L: OK, well, basically, (and, again, I’m completely embarrassed this felt even remotely hard to grasp), you need to use perceived effort, heart rate, and pace to monitor the intensity of your runs – so you can figure out the 80/20 split. All three have drawbacks that necessitate the use of the others. Perceived effort is a great tool, but it takes experience to use well, and it’s also affected by fatigue. Quantifying perceived effort makes it more useful. I’ll show you Fitzgerald’s 10-point scale when we get back to the cars.





Basically you want to keep your perceived effort below a 5 for 80% of the time. At a 5, you feel like you’re pushing yourself “ever so slightly.” Of course, a particular pace might feel like a 2 at the beginning of a run, and a 6 towards the end. So you’d want to note your pace as well and try to maintain that as the run goes on.

Ultimately, Fitzgerald says most people need more precision than the perceived effort scale provides, so he adds a 5-point heart rate scale to it. I’ll show you that one too once we get back to the cars.




And you have to figure out your lactate threshold to figure out your five heart rate zones for the heart rate scale. (This is where I started to get particularly grumpy during my first read through.) Fitzgerald outlines a bunch of different ways to go about figuring out your lactate threshold heart rate. There’s one where you run hard for 30 minutes and then use your average heart rate over the last 10 as your lactate threshold heart rate. He’s also created an app that takes you through a series steps using perceived effort to calculate your heart rate zones. I’m going to give that one a try and see how it goes.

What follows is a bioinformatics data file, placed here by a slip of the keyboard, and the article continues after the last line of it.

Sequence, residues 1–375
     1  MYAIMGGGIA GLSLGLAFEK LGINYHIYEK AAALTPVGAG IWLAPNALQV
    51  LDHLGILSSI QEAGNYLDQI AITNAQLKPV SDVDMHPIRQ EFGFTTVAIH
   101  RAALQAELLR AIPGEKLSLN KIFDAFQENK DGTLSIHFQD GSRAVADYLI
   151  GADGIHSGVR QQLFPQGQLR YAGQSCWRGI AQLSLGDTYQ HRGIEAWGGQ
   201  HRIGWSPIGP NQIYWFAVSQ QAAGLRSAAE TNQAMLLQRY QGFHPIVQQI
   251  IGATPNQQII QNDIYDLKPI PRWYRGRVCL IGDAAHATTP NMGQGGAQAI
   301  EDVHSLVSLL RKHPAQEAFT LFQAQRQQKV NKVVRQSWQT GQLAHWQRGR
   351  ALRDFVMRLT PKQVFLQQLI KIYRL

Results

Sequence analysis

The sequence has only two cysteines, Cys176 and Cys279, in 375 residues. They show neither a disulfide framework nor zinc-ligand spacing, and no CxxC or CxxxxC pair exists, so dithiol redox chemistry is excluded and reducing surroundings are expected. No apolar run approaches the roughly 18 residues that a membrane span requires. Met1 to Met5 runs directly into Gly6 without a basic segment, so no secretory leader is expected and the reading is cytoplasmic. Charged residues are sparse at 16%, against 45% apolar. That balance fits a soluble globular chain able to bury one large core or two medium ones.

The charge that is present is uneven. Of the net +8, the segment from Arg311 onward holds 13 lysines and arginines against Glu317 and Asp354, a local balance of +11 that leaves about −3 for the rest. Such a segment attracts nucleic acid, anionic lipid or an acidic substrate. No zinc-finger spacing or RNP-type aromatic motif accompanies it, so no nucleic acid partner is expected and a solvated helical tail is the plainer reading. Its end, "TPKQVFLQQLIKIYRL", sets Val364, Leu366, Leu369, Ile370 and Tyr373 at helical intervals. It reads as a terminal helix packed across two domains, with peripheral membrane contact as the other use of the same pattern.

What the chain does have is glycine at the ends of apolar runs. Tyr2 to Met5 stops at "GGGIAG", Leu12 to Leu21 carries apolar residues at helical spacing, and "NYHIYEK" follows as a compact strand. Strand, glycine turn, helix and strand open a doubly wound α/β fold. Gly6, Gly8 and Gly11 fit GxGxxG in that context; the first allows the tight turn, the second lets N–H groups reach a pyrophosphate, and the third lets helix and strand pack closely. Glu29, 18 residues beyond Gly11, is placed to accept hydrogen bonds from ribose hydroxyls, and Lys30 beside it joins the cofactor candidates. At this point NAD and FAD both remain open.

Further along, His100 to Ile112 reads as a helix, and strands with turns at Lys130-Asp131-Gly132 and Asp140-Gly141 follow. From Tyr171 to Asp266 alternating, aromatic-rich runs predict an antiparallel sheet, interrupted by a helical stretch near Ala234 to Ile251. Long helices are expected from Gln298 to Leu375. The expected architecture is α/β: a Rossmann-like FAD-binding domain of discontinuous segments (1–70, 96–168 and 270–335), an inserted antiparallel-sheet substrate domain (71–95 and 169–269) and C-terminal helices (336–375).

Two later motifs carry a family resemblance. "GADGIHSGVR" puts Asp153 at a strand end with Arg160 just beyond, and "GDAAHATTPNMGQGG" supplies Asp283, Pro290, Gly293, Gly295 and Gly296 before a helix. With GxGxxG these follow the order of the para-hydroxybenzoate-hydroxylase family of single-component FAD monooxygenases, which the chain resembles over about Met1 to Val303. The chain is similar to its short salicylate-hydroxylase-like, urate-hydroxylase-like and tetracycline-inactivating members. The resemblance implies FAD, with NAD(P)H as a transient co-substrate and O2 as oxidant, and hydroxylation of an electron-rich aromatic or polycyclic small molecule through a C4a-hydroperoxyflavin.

Of course, heart rate is great for keeping slow runs slow, but it doesn’t work well for interval speed sessions or hills because there’s a lag behind your change in speed and your heart rate readout.


B: Oh, that makes sense. Your speed and effort increase before you see it on your watch.


L: Yeah, so you need to use pace and perceived effort for speedwork and hills. So Fitzgerald adds pace to the other scales he created and tells you how to figure those out.




B: So do you think you’re going to try to figure it all out and use the 80/20 model?


L: Yeah, after all that, I do. I’ve wanted to get back to using a heart rate monitor to make sure I’m not doing my easy and recovery runs too hard. And I think it’ll be interesting to figure out my lactate threshold and my different heart rate zones. I do want to see how my training over the past 18 weeks breaks down along 80/20 lines. The end of the book is filled with training plans, and I want to test one out for a marathon. I’ve trained entirely by pace for the last three marathons I’ve run, and I want to see if this makes any difference. Maybe I’ll do the Cowtown ultramarathon in March and see how it goes.


B: Well, let me know. Should I bother reading it in the meantime?


L: I think it’s definitely worth reading – despite the bait and switch. And I’ll let you know what comes of the training. I’m going to walk up this next hill for starters though.

– Liza Howard

About the author

Liza Howard Liza Howard became addicted to ultra running belt buckles back in 2008 and now runs for New Balance and coaches fellow ultra runners. She also teaches for the Wilderness Medicine Institute and is a field instructor for the National Outdoor Leadership School. For more information on Liza, check out the About page where you can learn about her coaching, trail running camp, and daily life musings.